England v West Indies 4th T20 – England Keep Doing The Job

England doubled-down on their supremacy over the West Indies at home with another big win in Derby, thanks to a half-century from Amy Jones. England haven’t lost to the Windies at home now since they got Dottined at Arundel in 2012, and that winning streak looks unlikely to be broken this year unless Dottin can pull an ace out of the pack again on Wednesday.

Whilst Dottin has been ploughing a lonely furrow for the West Indies with the bat, scoring 42% of their runs thus far, England have shared things around. Tammy Beaumont, Nat Sciver, and now Amy Jones have all made one significant score, whilst Heather Knight has been the most consistent. It is Knight who leads England’s run-scorers (just!) with 19%, but Beaumont and Jones are only a whisker behind on 18%, whilst Sciver has 17%.

The only batters not to have made a significant contribution are Danni Wyatt (7%) and Fran Wilson (4%) and it was Wilson who missed out on selection yesterday to make room for Sophia Dunkley, pulling on an England shirt for the first time in 18 months.

Batting in the late middle-order is one of the toughest roles mentally for a young player in Twenty20 cricket – you either come in with your side in horrible trouble, or with only a handful of balls remaining; so yesterday’s opportunity for Dunkley – coming in at 6, with 6 overs left and with England having already established a good platform of 111 runs – was probably as good as it gets. But is there a sport crueller than this? You get one chance as a batter, and if you thump your first (legal) delivery straight back to the bowler… that’s it – Game Over! Dunks will get another go on Wednesday you’d imagine, so hopefully she can make that count and England will take her to New Zealand in February, which is looking like the next cricket they’ll play.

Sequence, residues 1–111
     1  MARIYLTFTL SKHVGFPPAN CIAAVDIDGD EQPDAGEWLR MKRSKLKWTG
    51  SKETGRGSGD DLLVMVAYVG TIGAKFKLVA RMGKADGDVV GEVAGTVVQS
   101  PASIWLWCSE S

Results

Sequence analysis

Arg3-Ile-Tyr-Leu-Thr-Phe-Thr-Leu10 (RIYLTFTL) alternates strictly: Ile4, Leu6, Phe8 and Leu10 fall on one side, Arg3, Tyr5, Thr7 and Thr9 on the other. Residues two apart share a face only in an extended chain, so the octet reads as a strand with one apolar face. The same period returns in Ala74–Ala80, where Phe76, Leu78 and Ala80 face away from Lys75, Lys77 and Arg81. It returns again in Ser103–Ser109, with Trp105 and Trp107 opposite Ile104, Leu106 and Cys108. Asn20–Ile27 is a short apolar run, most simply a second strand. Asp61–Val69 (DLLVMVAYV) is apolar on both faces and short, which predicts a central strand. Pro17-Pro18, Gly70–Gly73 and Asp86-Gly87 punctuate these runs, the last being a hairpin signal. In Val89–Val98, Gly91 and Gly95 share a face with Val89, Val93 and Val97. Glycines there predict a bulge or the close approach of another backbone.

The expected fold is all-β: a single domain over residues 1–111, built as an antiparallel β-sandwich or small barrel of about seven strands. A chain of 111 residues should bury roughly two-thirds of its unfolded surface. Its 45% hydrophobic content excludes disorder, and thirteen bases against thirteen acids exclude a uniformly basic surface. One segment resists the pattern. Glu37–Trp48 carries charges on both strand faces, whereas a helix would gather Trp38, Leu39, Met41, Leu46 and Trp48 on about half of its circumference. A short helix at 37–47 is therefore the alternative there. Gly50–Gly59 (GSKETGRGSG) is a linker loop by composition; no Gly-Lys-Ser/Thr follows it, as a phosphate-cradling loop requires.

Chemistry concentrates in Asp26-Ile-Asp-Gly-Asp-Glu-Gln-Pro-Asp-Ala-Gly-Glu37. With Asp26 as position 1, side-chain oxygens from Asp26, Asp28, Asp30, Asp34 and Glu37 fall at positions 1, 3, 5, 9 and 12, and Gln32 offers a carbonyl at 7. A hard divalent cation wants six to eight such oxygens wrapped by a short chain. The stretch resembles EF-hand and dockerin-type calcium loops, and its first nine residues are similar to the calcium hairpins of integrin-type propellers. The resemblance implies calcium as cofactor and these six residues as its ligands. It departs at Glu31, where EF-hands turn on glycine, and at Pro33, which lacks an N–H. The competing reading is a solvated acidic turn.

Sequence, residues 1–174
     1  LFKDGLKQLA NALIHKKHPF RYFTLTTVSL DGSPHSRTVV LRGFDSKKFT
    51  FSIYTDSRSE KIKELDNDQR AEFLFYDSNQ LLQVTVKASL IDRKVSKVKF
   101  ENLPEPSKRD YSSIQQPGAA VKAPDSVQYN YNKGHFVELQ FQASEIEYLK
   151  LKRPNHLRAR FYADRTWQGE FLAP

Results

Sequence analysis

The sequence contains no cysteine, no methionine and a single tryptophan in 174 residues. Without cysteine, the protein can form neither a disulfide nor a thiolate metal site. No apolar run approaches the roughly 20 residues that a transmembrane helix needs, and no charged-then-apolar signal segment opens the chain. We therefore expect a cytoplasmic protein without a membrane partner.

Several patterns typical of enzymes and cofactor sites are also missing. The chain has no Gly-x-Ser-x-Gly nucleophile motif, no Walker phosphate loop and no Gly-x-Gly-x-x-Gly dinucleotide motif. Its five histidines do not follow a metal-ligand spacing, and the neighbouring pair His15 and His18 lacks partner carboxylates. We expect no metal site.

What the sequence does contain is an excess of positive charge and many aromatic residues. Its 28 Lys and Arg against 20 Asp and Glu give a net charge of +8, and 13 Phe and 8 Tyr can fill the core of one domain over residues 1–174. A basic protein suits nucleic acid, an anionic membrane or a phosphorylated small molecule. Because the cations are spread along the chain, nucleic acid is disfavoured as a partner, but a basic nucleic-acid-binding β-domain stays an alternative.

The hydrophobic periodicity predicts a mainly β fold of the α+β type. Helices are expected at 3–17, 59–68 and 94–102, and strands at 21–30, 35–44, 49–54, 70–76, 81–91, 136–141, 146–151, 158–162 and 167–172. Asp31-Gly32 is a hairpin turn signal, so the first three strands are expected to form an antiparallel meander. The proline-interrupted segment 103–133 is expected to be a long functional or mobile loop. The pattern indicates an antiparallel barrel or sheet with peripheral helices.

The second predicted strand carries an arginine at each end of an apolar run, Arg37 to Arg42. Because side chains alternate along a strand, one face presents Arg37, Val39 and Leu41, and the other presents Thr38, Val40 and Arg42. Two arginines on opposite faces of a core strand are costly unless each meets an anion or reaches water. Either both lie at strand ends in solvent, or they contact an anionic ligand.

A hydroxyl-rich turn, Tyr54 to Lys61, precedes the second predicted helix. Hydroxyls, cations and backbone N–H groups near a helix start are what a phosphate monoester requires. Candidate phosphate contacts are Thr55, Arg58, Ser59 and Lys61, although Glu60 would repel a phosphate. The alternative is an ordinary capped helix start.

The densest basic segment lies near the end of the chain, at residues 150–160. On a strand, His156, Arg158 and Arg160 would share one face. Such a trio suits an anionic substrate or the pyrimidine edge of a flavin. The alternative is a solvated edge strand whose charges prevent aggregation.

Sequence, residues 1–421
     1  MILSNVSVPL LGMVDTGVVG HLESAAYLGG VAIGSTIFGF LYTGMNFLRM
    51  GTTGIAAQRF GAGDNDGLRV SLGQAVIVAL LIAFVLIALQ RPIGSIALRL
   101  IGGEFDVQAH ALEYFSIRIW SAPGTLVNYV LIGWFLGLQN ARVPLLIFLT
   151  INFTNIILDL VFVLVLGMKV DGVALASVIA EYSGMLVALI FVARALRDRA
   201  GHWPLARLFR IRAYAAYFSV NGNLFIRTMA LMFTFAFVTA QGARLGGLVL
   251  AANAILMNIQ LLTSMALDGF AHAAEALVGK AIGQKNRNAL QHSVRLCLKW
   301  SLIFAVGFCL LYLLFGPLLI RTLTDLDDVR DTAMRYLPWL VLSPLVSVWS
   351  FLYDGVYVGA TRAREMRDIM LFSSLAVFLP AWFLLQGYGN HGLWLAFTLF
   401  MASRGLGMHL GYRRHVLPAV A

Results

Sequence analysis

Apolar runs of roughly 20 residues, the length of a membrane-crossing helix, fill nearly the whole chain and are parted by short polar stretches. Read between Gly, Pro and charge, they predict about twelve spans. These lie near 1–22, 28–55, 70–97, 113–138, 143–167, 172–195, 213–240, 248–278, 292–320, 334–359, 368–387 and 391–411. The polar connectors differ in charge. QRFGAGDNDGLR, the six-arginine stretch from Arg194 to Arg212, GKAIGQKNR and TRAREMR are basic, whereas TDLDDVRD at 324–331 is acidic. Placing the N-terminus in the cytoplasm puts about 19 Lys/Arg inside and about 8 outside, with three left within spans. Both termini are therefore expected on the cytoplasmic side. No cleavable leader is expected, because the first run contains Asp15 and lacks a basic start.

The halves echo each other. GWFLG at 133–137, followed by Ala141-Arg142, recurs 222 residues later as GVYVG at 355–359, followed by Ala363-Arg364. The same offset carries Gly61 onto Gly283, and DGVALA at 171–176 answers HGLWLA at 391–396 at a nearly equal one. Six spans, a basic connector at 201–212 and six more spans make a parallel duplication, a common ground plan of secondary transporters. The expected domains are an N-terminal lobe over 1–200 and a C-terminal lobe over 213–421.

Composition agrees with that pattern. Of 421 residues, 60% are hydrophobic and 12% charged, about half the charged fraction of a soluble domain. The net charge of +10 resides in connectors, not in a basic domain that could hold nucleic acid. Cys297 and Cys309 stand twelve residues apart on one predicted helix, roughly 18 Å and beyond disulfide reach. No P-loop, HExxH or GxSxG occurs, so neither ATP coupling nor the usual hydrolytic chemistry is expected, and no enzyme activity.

It is tough for Dunkley, but it has been even tougher for Freya Davies, Katie George and Kate Cross, none of whom have played at all. Will this change on Wednesday? Davies might get a game… maybe… because she has a clear role going forwards as Katherine Brunt’s replacement; but as for the other two, it seems unlikely. They’d be sentimental selections, and Heather Knight is just not a sentimental person on the cricket field – she wants to win – that’s her job, and England’s… and to be fair, they’re doing it.